Erik-Amburger-Archive about foreigners in Russia

The professor of East European history in Gießen Erik Amburger for decades has systematically collected material about foreigners, especially Germans in pre-revolutionary Russia. He treated this subject in many publications. He left his research archive to Osteuropa-Institut. It consists of the following parts, with are only available in the rooms of the library in “Wissenschaftszentrum Ost- und Südosteuropa:

Card-index of persons and online database

It contains partly very detailed biographical information about around 90.000 foreigners in pre-revolutionary Russia. This information is of great relevance for science as well as for genealogical investigation.
In the 1990s the content of the card index has been recorded nearly completely in a database. This database has been converted in 2006/7 financed by DFG in connection with Virtuellen Fachbibliothek Osteuropa (ViFaOst). Since October 2007 it is available online. Still existing shortcomings are currently removed. The original cards can be used in the library.

Lines of descent of foreigner families in Russia

2960 digitalized lines of descent of families can be studied at the PCs in the reading room of the library. An overview of the family names is available online.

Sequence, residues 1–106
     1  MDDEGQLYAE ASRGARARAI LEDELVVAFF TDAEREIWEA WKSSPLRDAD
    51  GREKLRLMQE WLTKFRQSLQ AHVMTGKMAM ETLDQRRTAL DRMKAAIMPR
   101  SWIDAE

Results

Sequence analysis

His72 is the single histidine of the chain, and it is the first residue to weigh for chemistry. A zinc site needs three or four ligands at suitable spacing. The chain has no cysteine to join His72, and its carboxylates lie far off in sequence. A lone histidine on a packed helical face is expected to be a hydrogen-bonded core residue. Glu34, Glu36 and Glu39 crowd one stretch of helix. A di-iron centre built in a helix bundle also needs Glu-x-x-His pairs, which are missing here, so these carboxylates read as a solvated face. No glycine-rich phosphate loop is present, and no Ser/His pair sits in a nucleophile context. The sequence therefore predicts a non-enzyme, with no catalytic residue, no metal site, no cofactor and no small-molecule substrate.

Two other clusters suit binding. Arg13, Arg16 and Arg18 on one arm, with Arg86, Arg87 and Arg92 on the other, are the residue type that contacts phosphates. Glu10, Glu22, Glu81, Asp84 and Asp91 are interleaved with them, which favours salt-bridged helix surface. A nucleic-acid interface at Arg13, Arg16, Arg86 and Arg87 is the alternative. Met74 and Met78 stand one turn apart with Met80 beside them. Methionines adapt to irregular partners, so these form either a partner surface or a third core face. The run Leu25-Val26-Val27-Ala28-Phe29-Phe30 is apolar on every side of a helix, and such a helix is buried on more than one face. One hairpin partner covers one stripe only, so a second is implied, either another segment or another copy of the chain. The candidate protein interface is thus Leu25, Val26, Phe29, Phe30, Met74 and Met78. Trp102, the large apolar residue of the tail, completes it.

Private research library

The private library of Erik Amburger is separately located in the office of the chief librarian of Osteuropa-Institut. It contains 650 units, many titles are not or rarely available in Germany.
All titles are recorded in the online public access catalogue of the library and can be used in the reading room.

Research archive

Erik Amburger kept a currently updated and distinctly ordered archive for his daily research work. A special focus lies on the history of administration, migration and enterprises. It contains several card-indexes, copies of sources, articles, unprinted manuscripts, photos. The inventory is published online, the material itself can be consulted in the library of “Wissenschaftszentrum Ost- und Südosteuropa”.